The increasing urban populations, rapid industrialization, growing concern toward the environmental impact of the improper disposal of plastic waste, along with laws and regulations regarding disposal and treatment of plastic waste, have propelled the growth of the global plastic waste management industry.
The visibility of plastic waste is increasing because of its accumulation in recent decades and its negative impact on the surrounding environment and human health. Unlike organic waste, plastic can take hundreds to thousands of years to decompose in nature. Plastic waste is causing floods by clogging drains, causing respiratory issues when burned, shortening animal lifespans when consumed, and contaminating water bodies when dumped into canals and oceans . In oceans, plastic is accumulating in swirling gyres that are miles wide. Under ultraviolet light from the sun, plastic is degrading into “micro plastics” that are almost impossible to recover and that are disrupting food chains and degrading natural habitats.
According to a study of the World Bank, plastic waste mainly enters the environment when it is poorly managed, such as through open dumping, open burning, and disposal in waterways. Unfortunately, with more than one-fourth of waste dumped openly and many formal disposal sites managed improperly, plastic litter is increasing. Even when plastic waste is collected, many countries lack capacity to process the waste.
There are many ways to curb plastic waste by producing less, consuming less, and better managing the waste that already exists to prevent contamination or leakage. Taking these actions requires engagement from numerous stakeholders in society, including citizens, governments, community organizations, businesses, and manufacturers. Policy solutions, increased awareness, and improved design and disposal processes, among others, can minimize the impact of plastic waste on society.
Before pursuing dedicated plastics management solutions, governments must first focus on holistic management of waste. Cities need consistent collection services, safe and environmentally sound disposal, and consistent enforcement of policy before targeted interventions for plastic can be fully effective. Without strong basic waste management systems, plastic is likely to continue to be dumped when uncollected, citizens and businesses are less likely to comply with restrictions on materials for consumption or manufacturing, and cost recovery for waste systems will continue to be a struggle. With adequate primary waste management services in place, many cities have succeeded in focused interventions. In 2018, the European Union launched a strategy called Plastic Waste that aims to make all plastic packaging recyclable by 2030 and to ensure that waste generated on ships is returned to land. However, innovative policies concerning plastic will not solve the issue of plastic mismanagement without proper institutions, systems, and incentives.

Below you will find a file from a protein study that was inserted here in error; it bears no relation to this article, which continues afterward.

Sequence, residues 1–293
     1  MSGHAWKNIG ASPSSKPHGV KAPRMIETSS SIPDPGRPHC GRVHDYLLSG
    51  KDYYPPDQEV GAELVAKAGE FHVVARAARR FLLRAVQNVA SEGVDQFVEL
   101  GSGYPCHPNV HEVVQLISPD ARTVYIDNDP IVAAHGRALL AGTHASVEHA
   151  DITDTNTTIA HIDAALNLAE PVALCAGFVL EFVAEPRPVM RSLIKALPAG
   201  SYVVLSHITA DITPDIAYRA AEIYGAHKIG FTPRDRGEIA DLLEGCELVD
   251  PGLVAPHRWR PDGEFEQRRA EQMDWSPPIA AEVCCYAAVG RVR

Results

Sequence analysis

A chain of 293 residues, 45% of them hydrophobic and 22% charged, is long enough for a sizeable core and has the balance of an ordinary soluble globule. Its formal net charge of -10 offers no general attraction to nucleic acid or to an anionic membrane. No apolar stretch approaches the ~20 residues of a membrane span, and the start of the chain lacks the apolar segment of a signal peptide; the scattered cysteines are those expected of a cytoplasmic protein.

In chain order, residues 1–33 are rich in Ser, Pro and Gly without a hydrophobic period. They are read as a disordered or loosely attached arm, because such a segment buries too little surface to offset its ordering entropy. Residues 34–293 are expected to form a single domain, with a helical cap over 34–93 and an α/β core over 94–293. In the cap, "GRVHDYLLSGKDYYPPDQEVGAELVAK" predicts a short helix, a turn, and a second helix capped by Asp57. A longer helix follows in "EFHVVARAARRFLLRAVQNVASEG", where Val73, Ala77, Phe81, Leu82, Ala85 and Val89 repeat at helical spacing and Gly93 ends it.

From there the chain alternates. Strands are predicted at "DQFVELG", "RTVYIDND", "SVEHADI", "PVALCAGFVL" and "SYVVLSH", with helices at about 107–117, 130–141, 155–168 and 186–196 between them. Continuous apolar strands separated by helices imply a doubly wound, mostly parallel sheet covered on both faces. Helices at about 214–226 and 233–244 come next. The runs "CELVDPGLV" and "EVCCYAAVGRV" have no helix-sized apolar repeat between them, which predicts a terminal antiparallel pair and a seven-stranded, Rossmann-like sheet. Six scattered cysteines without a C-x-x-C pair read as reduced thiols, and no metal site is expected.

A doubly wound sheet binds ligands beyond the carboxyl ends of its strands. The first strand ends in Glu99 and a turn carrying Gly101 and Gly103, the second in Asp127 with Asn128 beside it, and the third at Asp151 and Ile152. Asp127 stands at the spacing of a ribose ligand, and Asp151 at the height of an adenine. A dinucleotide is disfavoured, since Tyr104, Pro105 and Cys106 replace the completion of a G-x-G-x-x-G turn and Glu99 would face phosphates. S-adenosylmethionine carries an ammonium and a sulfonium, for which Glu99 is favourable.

Management of plastic waste often starts at the household and individual levels, and strategies to educate and motivate citizens can dramatically change behavior. In Jamaica, community members that serve as Environmental Wardens sensitize their neighbors about local cleanliness and safe and environmentally friendly disposal of waste. Environmental Wardens are community members employed by the Jamaican National Solid Waste Management Authority through a World Bank supported project. Their role is to spread awareness about waste management and to keep communities clean and healthy. The communities and schools that are part of the project collect plastic bottles in large volumes, through competitions, and remove plastic litter from shared spaces and drains. They sell the collected plastic bottles to recyclers.
Plastic waste can be reduced or put to productive use at both a local and a global scale. Industries can alter manufacturing processes to reduce the amount of material needed, use recycled materials as inputs, or design new materials that can be degraded or more easily recycled. At a local level, recovered plastic can be used as inputs to make cement blocks, roads, and household goods such as baskets and mats. These outlets for productive use can, in turn, drive increased collection and recovery of plastic waste.
The weaknesses of existing plastic waste management strategies lead to the pollution of the natural environment. Although around 75% of plastic litter comes from developing countries, an important 25% is originated in western countries mainly due to the limited efficiency of the collection systems and low recycling rates. Global plastic production has almost doubled over the last decade, and it is predicted that it will continue to grow. It is, therefore, imperative for the countries to make strategies to tackle this ever increasing threat and save the future generations from its harmful effects.
Writer is the CEO of Mélange IT Solutions & The Asian Telegraph, an expert on Political Economy, & Director of Bandial Group